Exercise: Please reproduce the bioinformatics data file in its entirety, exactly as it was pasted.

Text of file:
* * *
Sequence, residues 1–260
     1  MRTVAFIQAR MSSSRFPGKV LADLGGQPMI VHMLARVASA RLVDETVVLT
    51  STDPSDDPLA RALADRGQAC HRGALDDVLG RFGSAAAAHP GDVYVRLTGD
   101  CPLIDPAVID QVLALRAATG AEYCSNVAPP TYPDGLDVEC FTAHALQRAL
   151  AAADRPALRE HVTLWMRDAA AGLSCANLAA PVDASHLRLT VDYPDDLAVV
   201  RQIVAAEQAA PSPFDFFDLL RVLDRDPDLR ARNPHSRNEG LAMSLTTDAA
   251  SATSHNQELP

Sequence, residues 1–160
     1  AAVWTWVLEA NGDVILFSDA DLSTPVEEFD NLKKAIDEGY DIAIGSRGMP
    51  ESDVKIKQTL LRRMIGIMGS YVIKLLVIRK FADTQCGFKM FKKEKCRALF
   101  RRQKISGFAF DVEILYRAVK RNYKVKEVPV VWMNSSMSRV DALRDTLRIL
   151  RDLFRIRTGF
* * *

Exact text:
Sequence, residues 1–260
     1  MRTVAFIQAR MSSSRFPGKV LADLGGQPMI VHMLARVASA RLVDETVVLT
    51  STDPSDDPLA RALADRGQAC HRGALDDVLG RFGSAAAAHP GDVYVRLTGD
   101  CPLIDPAVID QVLALRAATG AEYCSNVAPP TYPDGLDVEC FTAHALQRAL
   151  AAADRPALRE HVTLWMRDAA AGLSCANLAA PVDASHLRLT VDYPDDLAVV
   201  RQIVAAEQAA PSPFDFFDLL RVLDRDPDLR ARNPHSRNEG LAMSLTTDAA
   251  SATSHNQELP

Sequence, residues 1–160
     1  AAVWTWVLEA NGDVILFSDA DLSTPVEEFD NLKKAIDEGY DIAIGSRGMP
    51  ESDVKIKQTL LRRMIGIMGS YVIKLLVIRK FADTQCGFKM FKKEKCRALF
   101  RRQKISGFAF DVEILYRAVK RNYKVKEVPV VWMNSSMSRV DALRDTLRIL
   151  RDLFRIRTGF